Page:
We hoard against the bad times. We have only recently cleared out a cupboard of dried stuff that we bought in march 2020. We used the toilet paper eventually.
A GoCompare survey found that the 6th most common fear people admit to is the worry that the battery on their phones will run out and ruin their quality of life.
And we fear that the money we have put by for retirement will run out before we do. That’s the bit that George Osborne didn’t get when he read this headline back in 2013.
People grudgingly took the gamble that they would live longer and get VFM from their annuities but they hated handing over their savings for an income that looked inadequate and is now dwindling under inflation to “nugatory” (almost all compulsory annuities were bought without any increase).
The rabbit that came out of the hat
But there was a quick win around the (global) corner. It was a cheap win as it cost the Government nothing – it actually increased short term revenues and proved a crowd-pleaser, and in the euphoria nobody thought much about FORO.
Meanwhile in Australia
Osborne looked at Australia and saw a pension system that was working because no one was having to buy an annuity and famously he gave us freedom from annuities, freedom to spend our savings as we wanted.
But he did so at the very time that Australians were discovering FORO – the pervasive fear of money running out, impacting their quality of life. Rabbits have become a pest in Australia and Osborne’s rabbit has brought financial pestilence in its wake. That pestilence is largely down to FORO.
FORO is a very real issue in retirement, and its impacts are profound. AMP’s Financial Wellness research indicates that close to 50 per cent of Australians are concerned they don’t have enough money for retirement – it’s the most common fear experienced by retirees.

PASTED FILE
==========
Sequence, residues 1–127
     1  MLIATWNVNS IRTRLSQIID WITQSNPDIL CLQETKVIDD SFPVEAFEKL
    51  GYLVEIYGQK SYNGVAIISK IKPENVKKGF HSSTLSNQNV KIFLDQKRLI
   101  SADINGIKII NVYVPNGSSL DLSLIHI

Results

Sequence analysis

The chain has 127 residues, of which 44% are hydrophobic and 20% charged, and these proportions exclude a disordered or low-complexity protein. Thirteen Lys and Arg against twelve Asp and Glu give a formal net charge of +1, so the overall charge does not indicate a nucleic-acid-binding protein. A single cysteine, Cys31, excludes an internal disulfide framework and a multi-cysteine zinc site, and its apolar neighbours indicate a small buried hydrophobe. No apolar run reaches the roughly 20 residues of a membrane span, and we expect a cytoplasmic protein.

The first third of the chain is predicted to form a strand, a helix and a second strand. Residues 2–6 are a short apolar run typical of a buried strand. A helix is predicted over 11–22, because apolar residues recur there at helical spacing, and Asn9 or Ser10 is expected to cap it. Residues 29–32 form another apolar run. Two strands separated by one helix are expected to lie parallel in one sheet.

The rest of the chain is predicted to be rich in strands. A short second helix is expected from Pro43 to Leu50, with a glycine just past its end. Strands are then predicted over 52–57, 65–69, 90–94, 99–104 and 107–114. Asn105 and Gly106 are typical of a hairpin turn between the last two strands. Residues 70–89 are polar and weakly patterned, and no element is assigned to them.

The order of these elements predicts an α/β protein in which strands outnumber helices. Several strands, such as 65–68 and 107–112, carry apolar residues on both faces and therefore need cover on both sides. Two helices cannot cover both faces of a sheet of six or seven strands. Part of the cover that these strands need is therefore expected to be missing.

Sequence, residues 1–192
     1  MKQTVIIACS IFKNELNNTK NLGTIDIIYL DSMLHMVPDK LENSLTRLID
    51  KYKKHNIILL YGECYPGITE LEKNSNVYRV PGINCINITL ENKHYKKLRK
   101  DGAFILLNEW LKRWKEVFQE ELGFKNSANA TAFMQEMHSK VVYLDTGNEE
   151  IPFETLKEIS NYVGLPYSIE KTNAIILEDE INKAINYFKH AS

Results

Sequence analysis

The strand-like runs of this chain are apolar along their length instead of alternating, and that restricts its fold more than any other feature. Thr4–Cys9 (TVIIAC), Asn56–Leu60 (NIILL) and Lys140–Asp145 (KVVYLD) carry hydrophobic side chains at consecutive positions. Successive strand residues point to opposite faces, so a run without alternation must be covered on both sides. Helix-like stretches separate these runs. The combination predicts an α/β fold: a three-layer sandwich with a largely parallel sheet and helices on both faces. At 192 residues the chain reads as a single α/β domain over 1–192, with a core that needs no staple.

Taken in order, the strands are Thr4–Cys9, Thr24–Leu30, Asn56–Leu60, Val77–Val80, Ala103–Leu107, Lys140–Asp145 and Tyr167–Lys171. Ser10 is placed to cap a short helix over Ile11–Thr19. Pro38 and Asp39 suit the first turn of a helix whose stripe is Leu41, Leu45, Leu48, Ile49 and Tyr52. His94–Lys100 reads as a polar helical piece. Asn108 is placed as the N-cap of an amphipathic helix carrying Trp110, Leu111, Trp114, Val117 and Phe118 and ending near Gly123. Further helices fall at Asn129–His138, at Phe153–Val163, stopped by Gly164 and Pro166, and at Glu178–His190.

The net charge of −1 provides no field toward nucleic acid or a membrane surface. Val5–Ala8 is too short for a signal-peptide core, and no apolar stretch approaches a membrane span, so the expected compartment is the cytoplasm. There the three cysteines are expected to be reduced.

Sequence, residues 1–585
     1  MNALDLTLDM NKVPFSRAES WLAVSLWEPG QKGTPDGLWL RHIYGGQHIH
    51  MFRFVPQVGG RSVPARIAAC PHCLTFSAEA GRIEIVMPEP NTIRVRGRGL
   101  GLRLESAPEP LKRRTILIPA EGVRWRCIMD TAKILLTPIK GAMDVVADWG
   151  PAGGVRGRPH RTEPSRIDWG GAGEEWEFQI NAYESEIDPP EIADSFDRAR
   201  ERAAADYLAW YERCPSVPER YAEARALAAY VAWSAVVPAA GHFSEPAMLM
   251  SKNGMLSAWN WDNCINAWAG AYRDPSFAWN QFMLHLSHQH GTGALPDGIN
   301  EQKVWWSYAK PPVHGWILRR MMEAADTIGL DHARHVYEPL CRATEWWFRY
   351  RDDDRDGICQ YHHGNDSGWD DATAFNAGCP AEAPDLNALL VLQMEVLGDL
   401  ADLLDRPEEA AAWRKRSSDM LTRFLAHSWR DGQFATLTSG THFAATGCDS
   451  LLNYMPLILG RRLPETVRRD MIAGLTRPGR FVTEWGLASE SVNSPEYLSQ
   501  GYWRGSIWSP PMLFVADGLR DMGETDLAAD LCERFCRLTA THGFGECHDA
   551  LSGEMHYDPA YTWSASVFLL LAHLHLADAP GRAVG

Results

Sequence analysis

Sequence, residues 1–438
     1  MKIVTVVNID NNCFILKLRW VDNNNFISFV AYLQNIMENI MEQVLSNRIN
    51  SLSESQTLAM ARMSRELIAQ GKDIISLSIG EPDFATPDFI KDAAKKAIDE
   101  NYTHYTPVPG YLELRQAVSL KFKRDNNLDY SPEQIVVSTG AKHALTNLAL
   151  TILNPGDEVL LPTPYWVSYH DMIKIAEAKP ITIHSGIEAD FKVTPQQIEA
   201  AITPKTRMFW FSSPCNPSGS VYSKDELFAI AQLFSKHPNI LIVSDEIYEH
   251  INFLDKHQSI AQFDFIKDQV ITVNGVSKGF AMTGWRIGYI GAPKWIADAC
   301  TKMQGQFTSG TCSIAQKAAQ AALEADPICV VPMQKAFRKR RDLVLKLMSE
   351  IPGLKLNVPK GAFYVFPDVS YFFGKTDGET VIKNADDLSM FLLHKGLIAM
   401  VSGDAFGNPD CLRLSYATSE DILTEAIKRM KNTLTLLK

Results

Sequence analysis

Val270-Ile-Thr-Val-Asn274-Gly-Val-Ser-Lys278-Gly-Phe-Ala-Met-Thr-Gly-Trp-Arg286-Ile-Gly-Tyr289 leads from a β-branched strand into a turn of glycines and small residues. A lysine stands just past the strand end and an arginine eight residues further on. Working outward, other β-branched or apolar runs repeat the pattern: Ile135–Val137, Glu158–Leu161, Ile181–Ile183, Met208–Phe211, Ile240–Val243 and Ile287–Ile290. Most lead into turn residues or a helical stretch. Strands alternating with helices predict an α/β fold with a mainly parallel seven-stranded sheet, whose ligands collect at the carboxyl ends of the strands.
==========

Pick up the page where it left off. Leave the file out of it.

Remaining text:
With their last pay cheque approaching, many face the unsettling realisation they will soon need to live off their retirement savings. It’s a challenge which alters attitudes and behaviours with finances, manifesting in two main ways.
Firstly, retirees become more conservative with how they invest their savings, resulting in reduced asset growth and income streams.
John Plender has remarked on this trend in the UK and other respected commentators are urging individuals to stay invested in “real assets”
“For savers and pensioners, this underlines the importance of avoiding bonds, and shifting to real assets and value equities which tend to outperform in inflationary times.”
Discuss…@JohnRalfe1 @henryhtapper @markjrowlinson @Frances_Coppola https://t.co/dQq2MWQ3hn
— Mike Harrison (@HigherEdActuary) May 16, 2022
We know, for example, that retirees’ allocation to growth assets, such as shares, is typically up to 20% lower than those people still in the accumulation phase of super.
And sadly, we see large volumes of funds move into cash at retirement and immediately after market downturns. This self-defeating behaviour, which happened following the Global Financial Crisis and, more recently, after the COVID market shock, only serves to lock in market losses.
hmm…. equities, in a bear market, for people close to retirement?
— Fed Up Cassandra (@Frances_Coppola) May 16, 2022
Secondly, FORO reduces retiree spending. The Retirement Income Review shows that the majority of retirees draw only the minimum from their account-based pension. Large numbers of retirees have also decided to take-up the reduced minimum drawdowns put in place during COVID. Amid market downturns and ‘noise’, retirees bunker down and spend as little as they can, impacting their quality of life.